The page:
So, Manchester City’s Premier League champagne remains on ice after a 2-1 defeat against Chelsea but what, if anything, did the phoney war tell us?
Raheem Sterling’s first club goal since February put City ahead during a magnificently silly ending to the first half, which wrapped up with Chelsea goalkeeper Edouard Mendy being able to go to ground, get back up and still have time to catch Sergio Aguero’s gentle interpretation of a Panenka.
Hakim Ziyech, as he did in the Blues’ 1-0 win over City in last month’s FA Cup semi-final at Wembley, found the net and Chelsea looked the most likely winners from that point.
Timo Werner and Callum Hudson-Odoi each had the ball in the net from offside positions before Marcos Alonso did so legally with a scuffed effort in stoppage time.
Three weeks from now, these squads – although almost certainly not these line-ups – will reconvene in the Champions League final. Maybe in Istanbul, but who knows?
Overthink, underthink… what to think?
Doing precisely the thing he hasn’t in City’s run to their maiden final in Europe’s top competition, Pep Guardiola dropped a team sheet that prompt plenty of reaction, all roughly along the lines of “What on earth is that?”
Having made hay with a team packed full of playmakers since the turn of the year, the man who once joked he would like to pick a side of 11 midfielders selected precisely one such specialist.
Were City playing 3-1-4-2? 5-1-4, if that is even a thing? Holding midfielder Rodri was definitely in a category of one.
The easy conclusion to draw was one of Guardiola doing something so ludicrous, performing such a wanton act of deception that Chelsea or Tuchel would be completely unable to draw any conclusions for the final.
Watching a City team displaying nine changes from their midweek victory over PSG clank their way through proceedings, showing virtually none of their usual slick interplay, added some weight to that viewpoint.
However, that would mean Guardiola took a football match something less than completely seriously, which is something he had never really done.
After enjoying all the pre-match Beautiful Mind gifs, there was some precedent to be found.
When Guardiola’s Bayern Munich took on Tuchel’s Borussia Dortmund in 2015, his biographer Marti Perarnau recorded an unusual tactical approach in the book “Pep Guardiola: The Evolution”.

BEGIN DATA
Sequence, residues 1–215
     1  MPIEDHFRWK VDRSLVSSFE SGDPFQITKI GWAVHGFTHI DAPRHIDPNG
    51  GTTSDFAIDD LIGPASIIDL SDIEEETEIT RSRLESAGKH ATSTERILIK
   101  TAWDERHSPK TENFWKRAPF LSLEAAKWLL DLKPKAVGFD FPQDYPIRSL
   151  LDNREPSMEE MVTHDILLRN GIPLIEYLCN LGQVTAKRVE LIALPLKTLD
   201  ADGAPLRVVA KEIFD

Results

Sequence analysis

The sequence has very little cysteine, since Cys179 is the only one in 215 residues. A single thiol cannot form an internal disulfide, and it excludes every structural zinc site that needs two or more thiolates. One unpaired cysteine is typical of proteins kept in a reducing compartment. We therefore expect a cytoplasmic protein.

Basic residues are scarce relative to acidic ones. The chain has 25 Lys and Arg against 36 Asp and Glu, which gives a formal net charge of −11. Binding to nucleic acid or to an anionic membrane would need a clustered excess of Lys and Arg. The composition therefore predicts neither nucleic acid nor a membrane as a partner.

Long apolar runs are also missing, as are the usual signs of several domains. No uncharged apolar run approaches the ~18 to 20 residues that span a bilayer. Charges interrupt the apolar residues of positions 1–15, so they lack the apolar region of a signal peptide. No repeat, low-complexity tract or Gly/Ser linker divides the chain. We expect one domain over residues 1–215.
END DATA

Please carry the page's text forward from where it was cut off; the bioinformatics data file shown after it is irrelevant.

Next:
Faced with a Dortmund team keen on packing central midfield, Guardiola opted to use wide areas and long passes to unpick Tuchel’s setup. Bayern deployed a 3-3-4 with the ball at times and ran out 5-1 winners.
While City lacked their usual fluency and assurance in possession – their 533 passes were their fourth-lowest number attempted in the league game this season – there was a definite plan to use the pace of Raheem Sterling, Ferran Torres and Gabriel Jesus to occupy Chelsea’s back five.
Andreas Christensen injured himself trying to deal with a long punt in the 44th minute, with Jesus capitalising and squaring to an unusually hesitant Aguero before Sterling picked up the pieces.
Aguero then became the fourth City player after Kevin De Bruyne, Ilkay Gundogan and Sterling to miss a Premier League penalty this season.
“I’m completely in love with him. He is an absolute top legend, an extraordinary player,” Guardiola said of Aguero after he scored against Crystal Palace last weekend. It is fair to say his assessment of the Argentina striker’s brainwave contrasted somewhat.
But Guardiola could reflect on the plan at least partially working. And if the first-choice attack of De Bruyne, Phil Foden, Riyad Mahrez and Bernardo Silva had taken up the high and harrying positions City’s forwards did here, it is safe to presume their sharper creative skills would have mustered more than the five key passes Aguero, Jesus, Sterling and Torres managed between them.
Three not easy
One club that keen golfer Guardiola will surely put back in his tactical bag is the back three – certainly in this form, with three specialist centre-backs as opposed to a full-back tucking in to occasionally make a two a three.
Reece James in particular made merry for Chelsea after half-time, to the extent Benjamin Mendy had to be removed. It was no surprise that the visitors’ winner came down City’s left flank.
Tuchel also rested key performers, but his 3-4-3 appears to be set in stone. For all his struggles in front of goal and with offside flags, Werner’s speed has now run City’s defence ragged in two consecutive games.
Both times these were City backlines without Kyle Walker’s recovery pace, something that should significantly offset the Germany international’s threat.
But, once again, we’re into guesswork. Afterwards, Tuchel was only too happy to deal in cold, hard facts.
“We arrive [at the final] with the knowledge that we are capable of beating them,” he told Sky Sports after Chelsea overcame Guardiola’s City for the fifth time in the Premier League.
Irrespective of formations, personnel and any other smoke and mirrors, perhaps that counts more than anything.
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